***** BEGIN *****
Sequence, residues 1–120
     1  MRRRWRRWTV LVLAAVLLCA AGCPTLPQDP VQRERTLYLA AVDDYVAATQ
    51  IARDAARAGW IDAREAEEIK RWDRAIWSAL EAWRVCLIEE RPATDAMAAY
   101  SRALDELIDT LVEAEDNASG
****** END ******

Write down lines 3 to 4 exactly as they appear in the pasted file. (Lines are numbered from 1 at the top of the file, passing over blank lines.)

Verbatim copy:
    51  IARDAARAGW IDAREAEEIK RWDRAIWSAL EAWRVCLIEE RPATDAMAAY
   101  SRALDELIDT LVEAEDNASG